On 30 April this year, an extraordinary exhibition was launched in the V&A with remarkably little fanfare. The exhibition, nestled in the seldom-visited Theatre & Performance Gallery on the museum’s first floor, is called “My Generation: The Glory Days of British Rock”, and is an anthology of photographs taken behind the scenes of the music chart-show Top of The Pops from 1964 to 1973. The photographer was the then relatively unknown Harry Goodwin who, over the course of a decade, would go on to produce some of the most iconic pop images of a generation.
Top of The Pops burst onto our screens on New Years Day, 1964. The show, which was initially broadcast live, featured the pop and rock acts with songs in the British charts. The very first show included performances by The Rolling Stones, The Beatles, Dusty Springfield and The Hollies. Originally scheduled for only a few episodes, TOTP enjoyed instant success. Defying all expectations, the weekly show would continue for another 42 years, its run only coming to an end in 2006.
Harry was already in his forties when he was employed by the BBC as resident stills photographer on the fledgling music show. In the beginning he was paid only £30 per week, although he would eventually go on to receive a pay-rise and a mention in the closing credits as the show grew in popularity. His shots of the often reluctant stars would be used as background stills when the acts were unable to perform on the show.
The exhibition, made up of 200 images, is a veritable who’s who of 1960’s and 70’s rock and pop. The list of subjects is as impressive as it is expansive - from a youthful Paul McCartney and Keith Richards, pictured drinking tea and Coca-Cola respectively, to Sony and Cher, Ike and Tina, the Jackson 5 and John Lennon. Glam rock features heavily, with candid shots of Elton John, Rod Stewart, Marc Bolan, The Who and The Alice Cooper Band. The image of Jimi Hendrix playing guitar with his teeth is now famous in it’s own right (the shot was, apparently, improvised by Hendrix himself, without any input from the photographer).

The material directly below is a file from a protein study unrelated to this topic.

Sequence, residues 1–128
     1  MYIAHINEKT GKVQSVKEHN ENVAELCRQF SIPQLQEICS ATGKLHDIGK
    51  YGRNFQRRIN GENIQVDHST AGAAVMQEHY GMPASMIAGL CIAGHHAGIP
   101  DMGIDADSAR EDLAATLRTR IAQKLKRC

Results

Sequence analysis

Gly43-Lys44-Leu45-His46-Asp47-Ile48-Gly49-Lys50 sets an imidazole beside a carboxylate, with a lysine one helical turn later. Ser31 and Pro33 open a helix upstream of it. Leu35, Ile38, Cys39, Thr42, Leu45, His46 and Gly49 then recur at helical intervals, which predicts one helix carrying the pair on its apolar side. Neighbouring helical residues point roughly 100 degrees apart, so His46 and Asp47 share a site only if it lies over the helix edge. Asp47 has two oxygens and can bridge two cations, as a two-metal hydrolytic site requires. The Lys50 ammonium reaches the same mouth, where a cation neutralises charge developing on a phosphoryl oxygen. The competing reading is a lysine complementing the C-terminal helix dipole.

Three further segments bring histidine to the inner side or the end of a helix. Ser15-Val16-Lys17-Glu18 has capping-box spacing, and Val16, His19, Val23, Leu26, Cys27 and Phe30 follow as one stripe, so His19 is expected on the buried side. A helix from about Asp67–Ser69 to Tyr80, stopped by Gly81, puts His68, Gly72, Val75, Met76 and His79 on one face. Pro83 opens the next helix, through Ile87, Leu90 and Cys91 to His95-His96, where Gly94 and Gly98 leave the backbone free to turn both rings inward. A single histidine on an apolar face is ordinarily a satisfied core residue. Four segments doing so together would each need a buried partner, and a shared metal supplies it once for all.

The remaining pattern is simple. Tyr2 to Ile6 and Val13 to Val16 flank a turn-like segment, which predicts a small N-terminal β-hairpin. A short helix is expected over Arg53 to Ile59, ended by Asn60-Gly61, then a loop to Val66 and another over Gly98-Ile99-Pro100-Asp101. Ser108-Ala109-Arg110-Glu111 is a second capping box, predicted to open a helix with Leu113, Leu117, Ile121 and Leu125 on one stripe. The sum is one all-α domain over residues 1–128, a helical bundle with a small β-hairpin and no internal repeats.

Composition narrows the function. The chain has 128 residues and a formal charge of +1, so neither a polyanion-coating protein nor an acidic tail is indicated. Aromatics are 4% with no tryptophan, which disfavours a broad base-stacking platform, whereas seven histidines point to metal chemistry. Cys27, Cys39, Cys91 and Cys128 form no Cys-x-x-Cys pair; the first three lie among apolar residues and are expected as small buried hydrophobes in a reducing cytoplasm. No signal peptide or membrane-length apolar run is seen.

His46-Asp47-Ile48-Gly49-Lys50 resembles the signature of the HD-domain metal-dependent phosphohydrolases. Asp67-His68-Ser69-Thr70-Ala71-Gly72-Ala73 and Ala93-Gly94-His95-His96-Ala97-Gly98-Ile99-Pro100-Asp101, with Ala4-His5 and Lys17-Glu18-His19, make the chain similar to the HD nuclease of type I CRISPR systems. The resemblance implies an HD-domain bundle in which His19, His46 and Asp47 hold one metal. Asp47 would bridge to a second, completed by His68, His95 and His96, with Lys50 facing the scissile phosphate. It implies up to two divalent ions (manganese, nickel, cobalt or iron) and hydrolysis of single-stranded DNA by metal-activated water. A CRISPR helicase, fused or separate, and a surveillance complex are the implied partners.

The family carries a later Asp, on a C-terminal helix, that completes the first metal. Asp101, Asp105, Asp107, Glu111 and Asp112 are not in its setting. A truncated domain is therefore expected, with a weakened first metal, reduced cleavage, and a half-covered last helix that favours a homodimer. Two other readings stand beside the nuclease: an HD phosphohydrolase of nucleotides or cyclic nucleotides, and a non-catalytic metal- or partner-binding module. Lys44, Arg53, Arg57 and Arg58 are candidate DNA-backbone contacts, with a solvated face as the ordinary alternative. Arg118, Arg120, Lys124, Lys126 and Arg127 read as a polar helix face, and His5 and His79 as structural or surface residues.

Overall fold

Perhaps the most interesting image is of the famously camera-shy Bob Dylan. Grumpy and un-cooperative, Dylan was proving a difficult subject. Harry overcame this reticence, and extracted a little revenge, by temporarily blinding Dylan with the camera flash – the resulting image of a petulant Dylan speaks volumes.
For anybody interested in photography or pop history, this exhibition is not to be missed!
Incidentally, while you are there, make sure to pop next door to the Paintings & Drawings Gallery, where prints and sketches from Picasso (including “The Frugal Repast”) can be found in glorious juxtaposition with Warhol’s famous Marilyn Monroe prints, among many others.
My Generation - The Glory Years of British Rock
Victoria & Albert Museum
30 April - 24 October 2010